NEW YORK, NY.-
A pair of chased brass overlaid teak side chairs designed by Lockwood de Forest realized $242,500 in Bonhams
Fine American & European Furniture, Decorative Arts & Silver auction on September 25, more than four times their pre-auction estimate. Once situated in the hallway of de Forest's New York home, these chairs reflected his passion for the Indian Craft Tradition. The splendid chairs, which were later owned by William Randolph Hearst, are now headed to the Virginia Museum of Fine Arts, who prevailed in the fierce telephone bidding war with noted authority on late 19th century furniture, Margot Johnson.
"The consignors of these remarkable chairs are absolutely thrilled, and we are delighted that our cumulative team effort had such a successful result. It demonstrates yet again what the right combination of rarity of form and provenance can do," explained Madelia Hickman Ring, Bonhams American Furniture, Folk & Decorative Arts specialist. "These chairs are an important accession for the museum and now bridge their collections of American and Southeast Asian decorative arts."
Additional highlights from the Americana section include a rare late 17th century maple desk-on-frame of exceptional form that sold for $37,500 and an important sampler, worked by schoolmistress Mary Tidball in western Pennsylvania in 1834, that sold for $21,250. Its discovery sheds new light on the scholarship of western Pennsylvania needlework.
A Johnstone & Jeanes mahogany expanding dining table was the top lot in the English Furniture and Decorative Arts section, selling for $122,500. Called a "Jupe" table, this clever design accommodates different numbers of guests by simply rotating the table top. Sold subsequent to the "Jupe" table was a set of 12 William IV mahogany armchairs, also made by Johnstone & Jeanes circa 1840, that had survived in the family alongside the table and achieved $18,750.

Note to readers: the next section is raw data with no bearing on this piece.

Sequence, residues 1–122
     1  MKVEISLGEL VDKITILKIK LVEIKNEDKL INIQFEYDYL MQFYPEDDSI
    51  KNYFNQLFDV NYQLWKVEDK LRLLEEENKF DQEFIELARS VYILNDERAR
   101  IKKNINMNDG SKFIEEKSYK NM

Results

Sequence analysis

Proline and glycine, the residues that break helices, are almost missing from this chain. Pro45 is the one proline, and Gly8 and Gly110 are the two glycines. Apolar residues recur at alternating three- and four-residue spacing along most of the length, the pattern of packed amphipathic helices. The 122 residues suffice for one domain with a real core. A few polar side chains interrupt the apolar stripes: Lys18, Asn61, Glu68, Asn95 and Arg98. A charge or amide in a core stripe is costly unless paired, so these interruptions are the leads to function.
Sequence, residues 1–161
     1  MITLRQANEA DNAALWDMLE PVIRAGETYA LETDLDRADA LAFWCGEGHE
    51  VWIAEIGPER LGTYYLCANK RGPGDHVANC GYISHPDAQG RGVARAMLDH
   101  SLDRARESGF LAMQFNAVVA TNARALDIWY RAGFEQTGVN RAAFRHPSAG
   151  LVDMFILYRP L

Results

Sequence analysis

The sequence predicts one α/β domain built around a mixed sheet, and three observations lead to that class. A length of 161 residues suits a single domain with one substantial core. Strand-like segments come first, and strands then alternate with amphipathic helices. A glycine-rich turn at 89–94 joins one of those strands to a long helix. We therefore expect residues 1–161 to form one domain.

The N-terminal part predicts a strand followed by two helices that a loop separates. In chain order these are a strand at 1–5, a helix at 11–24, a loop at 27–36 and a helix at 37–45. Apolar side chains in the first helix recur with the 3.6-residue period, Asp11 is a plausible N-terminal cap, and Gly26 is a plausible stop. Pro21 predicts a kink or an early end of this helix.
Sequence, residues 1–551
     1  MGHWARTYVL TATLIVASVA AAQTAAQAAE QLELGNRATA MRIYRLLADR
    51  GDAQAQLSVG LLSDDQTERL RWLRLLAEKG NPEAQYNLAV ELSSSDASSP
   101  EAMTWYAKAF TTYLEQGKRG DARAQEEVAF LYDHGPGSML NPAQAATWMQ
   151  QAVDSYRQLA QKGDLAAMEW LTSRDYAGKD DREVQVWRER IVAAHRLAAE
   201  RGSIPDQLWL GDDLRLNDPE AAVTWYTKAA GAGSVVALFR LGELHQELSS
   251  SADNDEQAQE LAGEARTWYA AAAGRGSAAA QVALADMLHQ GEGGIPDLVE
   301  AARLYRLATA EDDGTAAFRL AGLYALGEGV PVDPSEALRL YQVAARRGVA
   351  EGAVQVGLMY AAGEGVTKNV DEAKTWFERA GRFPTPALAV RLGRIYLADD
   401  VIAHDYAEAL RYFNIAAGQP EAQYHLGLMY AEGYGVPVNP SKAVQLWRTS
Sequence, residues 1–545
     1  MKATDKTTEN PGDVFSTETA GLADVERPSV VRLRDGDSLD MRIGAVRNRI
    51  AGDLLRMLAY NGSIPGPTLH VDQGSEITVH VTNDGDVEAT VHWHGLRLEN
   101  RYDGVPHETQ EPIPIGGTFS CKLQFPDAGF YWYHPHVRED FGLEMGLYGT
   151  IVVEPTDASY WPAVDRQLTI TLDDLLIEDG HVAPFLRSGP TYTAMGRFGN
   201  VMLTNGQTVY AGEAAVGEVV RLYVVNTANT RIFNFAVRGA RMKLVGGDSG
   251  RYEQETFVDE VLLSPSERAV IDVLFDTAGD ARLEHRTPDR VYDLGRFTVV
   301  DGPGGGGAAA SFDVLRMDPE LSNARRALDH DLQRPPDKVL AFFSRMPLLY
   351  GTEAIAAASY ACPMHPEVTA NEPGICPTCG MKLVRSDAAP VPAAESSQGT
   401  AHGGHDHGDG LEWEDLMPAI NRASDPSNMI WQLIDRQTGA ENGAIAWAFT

The large and impressive silver section of the auction saw many outstanding results, including a pair of George IV sterling silver wine coolers by John Edward Terrey that fetched $74,500. Chinese Export silver performed well overall, partly due to increased interest from mainland Chinese clients. A pair of late 19th/early 20th century Chinese Export silver figural centerpieces by Wang Hing sold for more than eight times their pre-auction estimate, bringing $33,125.
According to Aileen Ward, Bonhams European Silver & Decorative Arts Specialist, "Unique pieces and a broad, interesting cross-section of varied international works brought out buyers from around the world."
European furniture and decorative arts highlights included a fine Louis XV carved fruitwood shaped panel from the mid-18th century that reached $50,000, more than eight times its pre-auction estimate because of its exquisite carving and excellent condition. A 20th century pair of Continental Neoclassical style gilt bronze reverse cut glass mirrors continued the trend for highly decorative furnishings, regardless of period, quadrupling their estimate to realize $33,750.
Bonhams next auction of Furniture and Decorative Arts will take place in January 2014, with a focus on Americana.